A lot of times, photogenic dishes don’t always quite live up to taste expectations and I’ve had my fair share of amazing looking dishes that tasted pretty average. Luckily here at Grazing this dish lived up to what my belly was hoping for. It was a simple dish but a scrumptious one.

The tuna was fresh, quite soft but had just the right amount of firmness to it. I don’t really recall tasting any olive oil but the texture of the tuna was quite similar to sashimi style tuna so I guess that’s where the poached olive oil must have come from. The mild and softish tuna was complimented with the crispness and strong savoury flavours of the fried octopus and chorizo. Finally there was some raw grated and pureed cauliflower which rounded everything off and brought everything together. There was nothing crazy going on here, it was just a tasty and light dish to start our meal off at Grazing.

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Our second entree for the day was the Quail with black pudding ($17), roasted pear and parsley root puree. While the tuna was light and almost summer like, this quail with black pudding was a lot more hearty and perfect for the wintery weather.

I’m surprised I didn’t see this dish on Instagram, look at that amazing swirl in the pool of black pudding puree! Amazing. We of course opted for this as there was black pudding present and we have yet to let a dish with black pudding in it pass us by. The black pudding here at Grazing was not as strong as I am used to, but this made sense when eating the whole dish. I also really enjoyed it as a puree, it’s something I haven’t had before and since there was no texture to it, it acted more as a sauce which added to the flavour of the quail as opposed to being another separate meat element that could have competed with the quail meat for dish superiority.

The quail was of course cooked perfectly ensuring that the meat was super moist and full of juicy flavours. All this savouries from the quail and black pudding was balanced out with a little bit of sweetness and crunch from the roasted pear. There was also a parsnip puree on the plate but after the juicy quail and amazing black pudding puree that was just white noise. I’m sure it helped ensure the dish didn’t get too overwhelming but I’m just going to continue reminiscing about the black pudding puree!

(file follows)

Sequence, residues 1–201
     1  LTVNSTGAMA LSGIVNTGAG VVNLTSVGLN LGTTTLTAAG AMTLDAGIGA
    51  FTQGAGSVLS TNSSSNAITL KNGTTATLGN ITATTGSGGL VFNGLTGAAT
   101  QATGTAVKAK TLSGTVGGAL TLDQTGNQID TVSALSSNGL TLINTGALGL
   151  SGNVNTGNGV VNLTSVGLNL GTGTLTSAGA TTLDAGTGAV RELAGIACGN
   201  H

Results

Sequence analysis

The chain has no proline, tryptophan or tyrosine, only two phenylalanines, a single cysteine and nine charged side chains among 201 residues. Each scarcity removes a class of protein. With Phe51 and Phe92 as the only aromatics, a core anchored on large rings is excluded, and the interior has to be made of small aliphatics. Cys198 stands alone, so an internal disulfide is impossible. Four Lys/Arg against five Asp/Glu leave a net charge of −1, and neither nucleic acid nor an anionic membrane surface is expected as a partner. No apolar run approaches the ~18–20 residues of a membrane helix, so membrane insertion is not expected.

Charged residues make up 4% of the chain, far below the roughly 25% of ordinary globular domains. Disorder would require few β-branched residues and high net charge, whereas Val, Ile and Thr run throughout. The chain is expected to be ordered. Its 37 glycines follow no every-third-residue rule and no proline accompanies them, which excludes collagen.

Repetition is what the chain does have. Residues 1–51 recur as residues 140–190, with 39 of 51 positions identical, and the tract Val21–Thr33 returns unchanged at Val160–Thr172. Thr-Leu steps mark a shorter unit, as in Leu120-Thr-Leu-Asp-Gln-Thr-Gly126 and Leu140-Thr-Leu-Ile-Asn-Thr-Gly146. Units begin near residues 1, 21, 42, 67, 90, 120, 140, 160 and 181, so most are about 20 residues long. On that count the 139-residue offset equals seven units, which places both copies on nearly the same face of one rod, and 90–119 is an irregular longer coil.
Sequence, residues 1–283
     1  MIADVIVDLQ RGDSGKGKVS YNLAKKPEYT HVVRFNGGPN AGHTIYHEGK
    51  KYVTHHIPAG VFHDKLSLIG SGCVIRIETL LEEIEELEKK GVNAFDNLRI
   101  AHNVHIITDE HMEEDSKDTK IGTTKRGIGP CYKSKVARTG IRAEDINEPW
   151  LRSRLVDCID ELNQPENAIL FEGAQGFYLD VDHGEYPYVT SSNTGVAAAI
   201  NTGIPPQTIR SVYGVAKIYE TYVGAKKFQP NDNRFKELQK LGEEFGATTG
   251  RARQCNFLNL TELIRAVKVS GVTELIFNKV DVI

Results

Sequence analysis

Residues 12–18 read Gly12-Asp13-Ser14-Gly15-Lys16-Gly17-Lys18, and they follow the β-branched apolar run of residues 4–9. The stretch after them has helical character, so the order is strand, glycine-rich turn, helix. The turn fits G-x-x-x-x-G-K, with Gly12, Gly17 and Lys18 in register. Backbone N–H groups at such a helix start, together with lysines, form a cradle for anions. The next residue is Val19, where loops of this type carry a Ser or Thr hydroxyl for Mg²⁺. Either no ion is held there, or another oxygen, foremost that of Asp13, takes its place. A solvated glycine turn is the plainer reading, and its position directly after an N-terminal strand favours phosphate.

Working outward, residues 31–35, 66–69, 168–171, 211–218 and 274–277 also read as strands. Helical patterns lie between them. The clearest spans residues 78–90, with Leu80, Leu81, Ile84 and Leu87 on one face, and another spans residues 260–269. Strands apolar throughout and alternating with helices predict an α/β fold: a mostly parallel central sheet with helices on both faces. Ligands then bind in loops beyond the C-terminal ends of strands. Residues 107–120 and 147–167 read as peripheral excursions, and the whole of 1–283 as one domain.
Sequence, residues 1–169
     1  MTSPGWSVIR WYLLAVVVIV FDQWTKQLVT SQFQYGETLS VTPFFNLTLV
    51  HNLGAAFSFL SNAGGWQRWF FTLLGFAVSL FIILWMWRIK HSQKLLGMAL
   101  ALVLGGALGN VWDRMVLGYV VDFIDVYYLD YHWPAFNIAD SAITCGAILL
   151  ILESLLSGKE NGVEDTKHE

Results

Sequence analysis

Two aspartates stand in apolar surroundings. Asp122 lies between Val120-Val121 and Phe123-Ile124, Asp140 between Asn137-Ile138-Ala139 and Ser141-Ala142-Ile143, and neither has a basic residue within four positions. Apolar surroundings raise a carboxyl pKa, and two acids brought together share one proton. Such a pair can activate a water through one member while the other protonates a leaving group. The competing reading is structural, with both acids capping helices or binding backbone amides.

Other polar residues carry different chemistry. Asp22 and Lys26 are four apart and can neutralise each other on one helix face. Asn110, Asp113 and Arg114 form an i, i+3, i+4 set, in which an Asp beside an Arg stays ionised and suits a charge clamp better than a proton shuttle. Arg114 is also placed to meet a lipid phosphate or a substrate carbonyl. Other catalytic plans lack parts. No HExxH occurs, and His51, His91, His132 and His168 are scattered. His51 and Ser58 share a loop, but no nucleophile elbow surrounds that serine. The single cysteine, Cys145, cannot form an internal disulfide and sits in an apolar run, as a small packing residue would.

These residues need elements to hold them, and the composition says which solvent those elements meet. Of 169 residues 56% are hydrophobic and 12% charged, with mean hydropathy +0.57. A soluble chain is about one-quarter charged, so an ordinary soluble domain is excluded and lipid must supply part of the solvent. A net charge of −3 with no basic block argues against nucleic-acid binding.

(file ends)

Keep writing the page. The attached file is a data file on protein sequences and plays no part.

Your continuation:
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Instead of going for a main here, we opted for a third entrée, the Smoked rainbow trout croquette ($17) with artichoke, burnt leek and parsley picada. I think I went for this as none of the seafood or vegetarian mains really screamed out at me. Looking back at the menu now, I think a couple of the options have changed since Grazing’s menu changes seasonally as ingredients are available.

This rainbow trout croquette was quite interesting. I’ve never really seen a fish or seafood croquette before so when I saw it on Grazing’s menu, I really did want to try it. But faced up against tuna, I was always going to opt for tuna. Luckily, I managed to get both. The rainbow trout croquette was nice with a light and crumbly coating coupled with a mince like fish filling. I found the croquette itself on the blander side with not a lot of fish flavour to it. This was fine however, as it was coupled with the burnt leek and parsley picada and I thought this added all the difference. These two elements brought both flavour as well as moisture to the croquette, which was a little on the drier side.